As much as it pains Apple shareholders to watch the stock drop to $500 from a high of over $700, we all need to learn to stomach the volatility and focus on the business performance.
Right now, Apple’s stock is driven by the market’s perception of iPhone supply and demand. It’s an iPhone stock more than anything else. This won’t always be the case, but it is for now.
China is an enormous growth market for Apple. This year China will make up about 15% of Apple’s total revenue. Back in April when Apple reported its Q2 results, Tim Cook revealed that sales in China had tripled year over year. He said “There’s a lot of headroom here in our view”.
That was 8 months ago. And we’re starting to see what Cook means. Apple just sold over 2 million iPhone 5 devices in a single weekend, inspiring the first-ever China-specific press release.
Apple hasn’t even cut a deal with China Mobile yet. For those unfamiliar with the telecom competitive landscape in the gigantic Asian country, China Mobile is the largest operator by a long shot. They’ve got over 700 million cellular subscribers, and pretty much all of the growth is coming from 3G (TD-SCDMA). Eventually this growth will shift to 3G (TD-LTE).
If Apple can strike a deal with the world’s largest carrier and capture 5% of its subscribers (presumably the wealthier among the total) then it amounts to 35 million iPhone sales. Let’s round the average selling price of the iPhone 5 down to $600 - we’re talking about $21 billion in new revenue. If these users are on a 2 year replacement cycle, we’re looking at $10 billion per year in new sales from one carrier deal.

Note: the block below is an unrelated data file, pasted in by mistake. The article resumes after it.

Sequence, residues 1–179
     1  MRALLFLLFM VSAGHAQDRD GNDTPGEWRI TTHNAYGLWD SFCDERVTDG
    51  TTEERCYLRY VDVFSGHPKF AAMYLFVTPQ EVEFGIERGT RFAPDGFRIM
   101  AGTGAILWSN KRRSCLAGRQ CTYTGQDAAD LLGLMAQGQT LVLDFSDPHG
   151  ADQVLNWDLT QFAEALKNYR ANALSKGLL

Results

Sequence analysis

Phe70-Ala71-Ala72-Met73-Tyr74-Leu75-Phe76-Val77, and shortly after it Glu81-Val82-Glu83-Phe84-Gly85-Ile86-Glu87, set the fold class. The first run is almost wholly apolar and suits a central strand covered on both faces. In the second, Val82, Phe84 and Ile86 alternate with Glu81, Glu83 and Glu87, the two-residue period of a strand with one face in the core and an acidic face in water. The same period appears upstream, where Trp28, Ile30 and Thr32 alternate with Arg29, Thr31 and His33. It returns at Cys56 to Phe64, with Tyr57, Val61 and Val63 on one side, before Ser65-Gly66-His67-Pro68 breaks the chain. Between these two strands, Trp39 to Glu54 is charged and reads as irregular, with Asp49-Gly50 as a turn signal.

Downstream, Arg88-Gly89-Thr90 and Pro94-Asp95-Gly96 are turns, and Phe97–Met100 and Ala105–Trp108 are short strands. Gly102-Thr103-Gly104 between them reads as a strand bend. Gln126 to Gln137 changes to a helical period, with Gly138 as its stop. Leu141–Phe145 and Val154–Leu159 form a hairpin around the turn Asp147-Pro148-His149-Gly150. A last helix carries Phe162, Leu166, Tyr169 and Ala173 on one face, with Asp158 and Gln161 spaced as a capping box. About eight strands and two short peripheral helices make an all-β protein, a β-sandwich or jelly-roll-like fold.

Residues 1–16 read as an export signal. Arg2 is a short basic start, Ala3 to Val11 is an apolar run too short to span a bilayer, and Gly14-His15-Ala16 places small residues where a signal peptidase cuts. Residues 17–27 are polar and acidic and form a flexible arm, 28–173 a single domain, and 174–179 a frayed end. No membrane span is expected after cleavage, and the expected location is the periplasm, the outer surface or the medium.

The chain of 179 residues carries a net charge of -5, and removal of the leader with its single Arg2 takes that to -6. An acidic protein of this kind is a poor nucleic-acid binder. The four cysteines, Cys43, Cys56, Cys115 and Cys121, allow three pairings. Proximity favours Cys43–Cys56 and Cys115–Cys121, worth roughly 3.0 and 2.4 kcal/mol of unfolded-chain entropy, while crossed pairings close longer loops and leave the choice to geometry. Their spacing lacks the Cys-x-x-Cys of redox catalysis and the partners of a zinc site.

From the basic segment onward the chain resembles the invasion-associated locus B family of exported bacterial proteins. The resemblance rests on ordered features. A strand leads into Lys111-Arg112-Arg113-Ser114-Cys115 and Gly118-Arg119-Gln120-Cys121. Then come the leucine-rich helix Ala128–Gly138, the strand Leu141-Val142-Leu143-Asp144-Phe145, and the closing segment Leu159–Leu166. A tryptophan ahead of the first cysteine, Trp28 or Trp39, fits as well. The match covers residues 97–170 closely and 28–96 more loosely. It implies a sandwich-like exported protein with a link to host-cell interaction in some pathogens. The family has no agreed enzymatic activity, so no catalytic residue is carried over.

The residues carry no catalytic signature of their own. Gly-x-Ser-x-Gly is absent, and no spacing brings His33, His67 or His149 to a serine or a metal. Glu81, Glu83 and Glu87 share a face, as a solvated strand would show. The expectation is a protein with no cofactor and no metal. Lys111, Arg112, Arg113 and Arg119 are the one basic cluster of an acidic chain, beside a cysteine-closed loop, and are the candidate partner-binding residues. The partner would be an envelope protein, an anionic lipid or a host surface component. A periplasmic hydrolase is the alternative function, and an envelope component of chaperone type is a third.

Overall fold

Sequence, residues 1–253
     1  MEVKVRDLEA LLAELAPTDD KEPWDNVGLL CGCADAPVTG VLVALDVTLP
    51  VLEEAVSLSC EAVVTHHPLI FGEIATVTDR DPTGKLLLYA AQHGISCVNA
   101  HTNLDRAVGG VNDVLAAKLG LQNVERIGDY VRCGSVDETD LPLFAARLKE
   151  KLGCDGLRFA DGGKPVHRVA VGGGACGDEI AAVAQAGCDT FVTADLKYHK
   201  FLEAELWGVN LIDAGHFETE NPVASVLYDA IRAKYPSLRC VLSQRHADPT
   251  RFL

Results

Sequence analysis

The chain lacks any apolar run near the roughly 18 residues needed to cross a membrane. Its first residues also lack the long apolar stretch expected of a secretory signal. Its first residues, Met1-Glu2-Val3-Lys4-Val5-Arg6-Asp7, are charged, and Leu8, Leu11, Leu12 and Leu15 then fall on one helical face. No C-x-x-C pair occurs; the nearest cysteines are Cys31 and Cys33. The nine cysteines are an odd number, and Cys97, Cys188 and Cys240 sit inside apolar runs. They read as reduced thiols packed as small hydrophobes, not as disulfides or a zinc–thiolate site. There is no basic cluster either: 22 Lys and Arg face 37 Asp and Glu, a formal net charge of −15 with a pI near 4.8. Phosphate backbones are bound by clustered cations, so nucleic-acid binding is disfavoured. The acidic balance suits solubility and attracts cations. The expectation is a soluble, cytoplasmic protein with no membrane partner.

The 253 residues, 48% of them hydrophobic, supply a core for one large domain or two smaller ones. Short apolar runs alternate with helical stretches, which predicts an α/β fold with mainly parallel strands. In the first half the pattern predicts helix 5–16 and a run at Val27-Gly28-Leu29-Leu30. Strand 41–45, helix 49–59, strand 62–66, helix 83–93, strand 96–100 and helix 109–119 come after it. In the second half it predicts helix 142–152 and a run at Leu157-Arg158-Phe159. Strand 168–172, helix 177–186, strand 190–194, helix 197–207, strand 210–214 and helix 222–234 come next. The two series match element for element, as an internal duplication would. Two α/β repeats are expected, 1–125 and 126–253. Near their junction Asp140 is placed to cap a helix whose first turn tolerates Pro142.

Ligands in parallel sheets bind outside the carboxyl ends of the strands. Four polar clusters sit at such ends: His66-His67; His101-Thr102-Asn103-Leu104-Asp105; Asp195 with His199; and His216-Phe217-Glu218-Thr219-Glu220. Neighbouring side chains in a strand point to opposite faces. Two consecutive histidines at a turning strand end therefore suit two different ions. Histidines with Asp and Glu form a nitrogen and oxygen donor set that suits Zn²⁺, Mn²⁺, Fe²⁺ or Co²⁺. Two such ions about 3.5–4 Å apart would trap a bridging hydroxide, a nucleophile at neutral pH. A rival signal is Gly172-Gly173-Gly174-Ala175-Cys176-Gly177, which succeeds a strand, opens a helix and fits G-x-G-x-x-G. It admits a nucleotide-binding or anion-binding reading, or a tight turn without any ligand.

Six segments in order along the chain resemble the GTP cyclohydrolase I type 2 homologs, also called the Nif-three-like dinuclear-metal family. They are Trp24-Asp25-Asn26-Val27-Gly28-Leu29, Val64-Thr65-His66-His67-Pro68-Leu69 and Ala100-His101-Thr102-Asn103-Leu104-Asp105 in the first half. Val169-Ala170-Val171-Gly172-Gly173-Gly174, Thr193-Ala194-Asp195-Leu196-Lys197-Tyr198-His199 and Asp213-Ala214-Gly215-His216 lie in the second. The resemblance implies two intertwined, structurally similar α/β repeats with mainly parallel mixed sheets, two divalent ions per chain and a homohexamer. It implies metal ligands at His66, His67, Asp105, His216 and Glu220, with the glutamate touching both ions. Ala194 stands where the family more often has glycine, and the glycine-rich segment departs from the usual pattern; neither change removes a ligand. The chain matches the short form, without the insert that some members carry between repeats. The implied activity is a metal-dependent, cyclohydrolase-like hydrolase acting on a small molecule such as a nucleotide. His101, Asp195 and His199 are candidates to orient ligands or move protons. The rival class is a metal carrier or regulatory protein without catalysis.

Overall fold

Right now, Android is king in China. Apple’s share of the Chinese smartphone market is less than 10%. But in a country with over a billion mobile users, smartphones still represent the minority. In fact, only about one fifth of all cellular subscribers are even on the countries 3G networks as of now. Smartphone volume will continue to rise. As this happens, if Apple can recapture some share, as it seems to be doing with the iPhone 5 launch (and if they can get into China Mobile), the volume growth will continue to be impressive.
And then the halo effect kicks in. People who can afford iPhones in China can certainly afford iPads, and mostly likely Macs too.
What I’m really interested to know is if Apple has a strategy to compete with the mid tier smartphone makers in China. In the rest of the world, Apple keeps previous generation devices, currently the iPhone 4S and iPhone 4, on the market at lower price points. That's because there is a limit to how many people can afford a $600+ phone. We don’t want to see Apple competing the the guys making $100 Android phones, but there has to be a happy middle ground where Apple can grow its ecosystem while still enabling the wealthier customers to sport a more expensive and luxurious iPhone.
Apple is an iPhone stock, and China represents a pretty big opportunity that has yet to be fully tapped.
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